I know I can never get into a depressed person’s mind and feel what they are feeling. But I do get it at some point of our lives, we do feel depressed over certain things but for a person suffering from depression, the depressed feeling just won’t go away. He can be so hopeless and helpless that he dread waking up in the morning.
I am trying to understand that he is not in a well state, suffering from an illness which will get better soon. Depression is just like any other illness which can be cured.
If you really do not know what to do, get your boyfriend or your closed family member to accompany you to a Psychiatrist. Talk to him/her about your condition, and they might prescribe you some medications, trust me, the meds will help you a lot. Don’t be afraid to go for meds because when you are feeling so helpless, sometimes, you just need the meds to do the job.
It is ok if you do not know what to do, that’s because you are experiencing the symptoms of Depression. I don’t know if OCD has similar symptoms though. If you don’t feel like doing anything, or need to take a break from work, just do it. But you definitely need to seek treatment. You may want to put your dreams on hold at the moment, and consider quitting your job which you think is dissatisfying to you. You don’t want the stress from your “shitty” job to worsen your condition. Your mental health is more important than your job, once you get better, you can look for another simpler job, and then go ahead to pursue your dreams.
Please know that, you are not alone in this.
All the best!May 21, 2013 at 8:58 am #35922
Wow, thank you all so much for the kind words. I’m comforted that I’m not alone in this struggle. I’ll try to address these points in order:
– Buddhist Wife: Sorry for the lack of clarity, I am indeed doing Cognitive Behavioral Therapy. So far I’ve only had two sessions, but spread out over a month. I have my next one tomorrow so I’m hoping to discuss all this with my therapist again. At the moment I’m actually trying to take better care of myself, switching to a mostly-veggies diet and getting enough exercise. I’ve always been fairly active when it came to exercise but perhaps I need more. Thank you for your kindness 🙂
– Peter: I’m… hesitant to try medication. I have a friend who was on medication for ADHD, bipolar 2, depression and anxiety, and sometimes she seemed worse than usual. There were a lot of nasty side effects and her doctors have to keep trying to figuring out a good mix for her, but it seems painful. I don’t want to be dependent on medication for the rest of my life 🙁 As for meditation, I could give it a try. I have in the past, with little success, but I’ll try to approach it again. I’m also grateful that there are places for us to talk openly about these kinds of things. Thanks 🙂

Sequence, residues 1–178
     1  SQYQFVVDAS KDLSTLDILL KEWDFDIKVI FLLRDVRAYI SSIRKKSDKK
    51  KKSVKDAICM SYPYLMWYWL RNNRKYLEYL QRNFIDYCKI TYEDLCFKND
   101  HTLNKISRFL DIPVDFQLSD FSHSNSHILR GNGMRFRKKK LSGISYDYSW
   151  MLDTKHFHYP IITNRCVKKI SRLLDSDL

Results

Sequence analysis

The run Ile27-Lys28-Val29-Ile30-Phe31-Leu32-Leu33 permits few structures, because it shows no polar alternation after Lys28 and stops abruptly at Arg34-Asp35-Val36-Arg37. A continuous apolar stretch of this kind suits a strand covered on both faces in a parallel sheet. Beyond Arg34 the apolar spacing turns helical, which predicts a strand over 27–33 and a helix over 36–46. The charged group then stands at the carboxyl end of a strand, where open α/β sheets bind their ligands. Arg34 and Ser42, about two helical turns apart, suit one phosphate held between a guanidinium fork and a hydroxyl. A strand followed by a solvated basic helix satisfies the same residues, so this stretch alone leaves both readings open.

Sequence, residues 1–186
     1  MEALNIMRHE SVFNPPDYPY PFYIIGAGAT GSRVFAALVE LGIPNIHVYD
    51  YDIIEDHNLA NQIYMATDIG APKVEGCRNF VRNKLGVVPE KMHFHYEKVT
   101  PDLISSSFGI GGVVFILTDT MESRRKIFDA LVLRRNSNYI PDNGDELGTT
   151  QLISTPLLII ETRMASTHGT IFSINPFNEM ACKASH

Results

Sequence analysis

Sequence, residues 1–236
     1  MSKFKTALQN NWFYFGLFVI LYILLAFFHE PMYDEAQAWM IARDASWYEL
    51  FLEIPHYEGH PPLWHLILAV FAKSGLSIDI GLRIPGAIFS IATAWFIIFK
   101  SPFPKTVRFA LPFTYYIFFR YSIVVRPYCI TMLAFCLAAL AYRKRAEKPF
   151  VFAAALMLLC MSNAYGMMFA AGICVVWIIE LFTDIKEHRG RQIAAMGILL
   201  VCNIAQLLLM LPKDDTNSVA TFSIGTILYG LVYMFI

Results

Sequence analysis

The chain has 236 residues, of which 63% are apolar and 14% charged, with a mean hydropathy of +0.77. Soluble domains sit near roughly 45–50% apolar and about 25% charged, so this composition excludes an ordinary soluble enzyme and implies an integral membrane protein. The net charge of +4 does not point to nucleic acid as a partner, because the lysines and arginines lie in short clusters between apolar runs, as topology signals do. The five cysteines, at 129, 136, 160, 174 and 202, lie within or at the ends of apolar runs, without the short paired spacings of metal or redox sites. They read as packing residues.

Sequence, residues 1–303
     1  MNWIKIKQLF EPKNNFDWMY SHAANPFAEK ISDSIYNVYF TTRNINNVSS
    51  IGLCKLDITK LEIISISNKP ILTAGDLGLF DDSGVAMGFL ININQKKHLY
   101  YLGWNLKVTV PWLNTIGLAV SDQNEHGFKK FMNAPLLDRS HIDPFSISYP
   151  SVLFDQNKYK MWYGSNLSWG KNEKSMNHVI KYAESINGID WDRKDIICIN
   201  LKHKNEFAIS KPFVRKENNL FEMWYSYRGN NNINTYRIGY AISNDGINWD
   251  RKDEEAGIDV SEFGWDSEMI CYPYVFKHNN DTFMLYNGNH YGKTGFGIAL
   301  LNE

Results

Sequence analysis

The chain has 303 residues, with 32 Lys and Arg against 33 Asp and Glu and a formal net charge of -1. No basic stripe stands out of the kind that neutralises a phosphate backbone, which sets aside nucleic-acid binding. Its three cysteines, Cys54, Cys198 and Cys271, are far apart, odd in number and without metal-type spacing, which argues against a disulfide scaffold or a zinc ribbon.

– Tammy K: I mentioned above that I’m hesitant to try medication. I’m afraid of becoming dependent and reliant on something like that for the rest of my life. I’ll still discuss it further with my therapist, but that’s how I feel about it currently. I’m getting closer and closer to just quitting my job, one of these days I’m just gonna do it, but right now… I’m so afraid. I’m afraid of everything, it seems! Hahaha. It’s nice to hear from the perspective of somebody who’s in a relationship with somebody who is battling depression. Thank you 🙂May 26, 2013 at 11:20 am #36130AngieParticipant
Hi J, I know how you’re feeling. I have OCD as well and have issues with anxiety.
My first recommendation is to get into meditation. This is not an overnight miracle, but it is a miracle. My lifesaver was the short and sweet “guided meditations for busy people” by Bodhipaksa, you can Google and download them. I honestly did them for about a year, roughly three times a week before they started their magic, but they did. Mediation has helped me gain control of my thoughts and to stop the negative spiral.
I am feeling the job hate, I have been stuck in a job I hate for a while. I read a quote recently which said “if its not good, let it go. If it can’t go, make it good”. If you are stuck in your shitty job, consciously try to acknowledge this for what it is but don’t let it consume you. In life there will often be an area lacking that we cannot control, if we can try to accept or even embrace these imperfections it can minimise the impact they have on the other good parts (like your supportive boyfriend).
The past two years I have also tried to introduce more good, so my good to bad ratio gets better! Is there something you enjoy that you haven’t done lately? Can you seek out a new hobby, or activity or anything that can bring you joy? For me its a bit of yoga (and I tried heaps of yoga studios and teachers until I found my yoga soulmate). Yoga days, Wednesdays, are now a good day, even at my shitty job, because I have something to look forward to. I also try to play guitar at home and walk my dog, but I find the yoga (because its a scheduled thing I do each week in a social setting) provides great benefit. I also go alone and have forced myself to meet new people there. This is a chance to not be the ‘sad’ me my friends and family see, but to just try and be normal and upbeat and kind of fake it until I make it. No one there knows my past or my struggles, and that can be a very powerful environment to be in when going through a hard time.
I hope this helps.June 4, 2013 at 10:46 am #36453
Hi Angie, it does help tremendously, knowing someone who went through what I did. And you seem to have come out of it 🙂 That gives me hope. My therapist also suggested trying out yoga, and I think I’ll take that suggestion to heart. Thanks for the meditation recommendation as well, I’ll give it a shot! You’re so kind, and I appreciate that.